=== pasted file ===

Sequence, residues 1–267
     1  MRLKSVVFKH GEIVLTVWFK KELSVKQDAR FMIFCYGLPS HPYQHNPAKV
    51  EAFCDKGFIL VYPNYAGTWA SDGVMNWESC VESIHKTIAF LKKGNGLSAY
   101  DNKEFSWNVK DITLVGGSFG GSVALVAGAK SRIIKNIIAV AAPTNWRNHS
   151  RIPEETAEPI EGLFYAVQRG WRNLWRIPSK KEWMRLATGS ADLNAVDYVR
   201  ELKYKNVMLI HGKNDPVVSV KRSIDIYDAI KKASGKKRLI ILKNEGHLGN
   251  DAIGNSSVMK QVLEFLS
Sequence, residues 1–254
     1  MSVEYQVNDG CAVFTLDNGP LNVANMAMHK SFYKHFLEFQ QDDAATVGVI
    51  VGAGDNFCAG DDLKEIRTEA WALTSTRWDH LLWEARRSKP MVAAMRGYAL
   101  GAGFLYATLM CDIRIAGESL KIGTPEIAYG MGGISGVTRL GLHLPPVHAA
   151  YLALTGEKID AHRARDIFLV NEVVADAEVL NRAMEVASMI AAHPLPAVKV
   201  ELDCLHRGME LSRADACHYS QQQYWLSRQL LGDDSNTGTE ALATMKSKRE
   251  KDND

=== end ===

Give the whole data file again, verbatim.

Sequence, residues 1–267
     1  MRLKSVVFKH GEIVLTVWFK KELSVKQDAR FMIFCYGLPS HPYQHNPAKV
    51  EAFCDKGFIL VYPNYAGTWA SDGVMNWESC VESIHKTIAF LKKGNGLSAY
   101  DNKEFSWNVK DITLVGGSFG GSVALVAGAK SRIIKNIIAV AAPTNWRNHS
   151  RIPEETAEPI EGLFYAVQRG WRNLWRIPSK KEWMRLATGS ADLNAVDYVR
   201  ELKYKNVMLI HGKNDPVVSV KRSIDIYDAI KKASGKKRLI ILKNEGHLGN
   251  DAIGNSSVMK QVLEFLS
Sequence, residues 1–254
     1  MSVEYQVNDG CAVFTLDNGP LNVANMAMHK SFYKHFLEFQ QDDAATVGVI
    51  VGAGDNFCAG DDLKEIRTEA WALTSTRWDH LLWEARRSKP MVAAMRGYAL
   101  GAGFLYATLM CDIRIAGESL KIGTPEIAYG MGGISGVTRL GLHLPPVHAA
   151  YLALTGEKID AHRARDIFLV NEVVADAEVL NRAMEVASMI AAHPLPAVKV
   201  ELDCLHRGME LSRADACHYS QQQYWLSRQL LGDDSNTGTE ALATMKSKRE
   251  KDND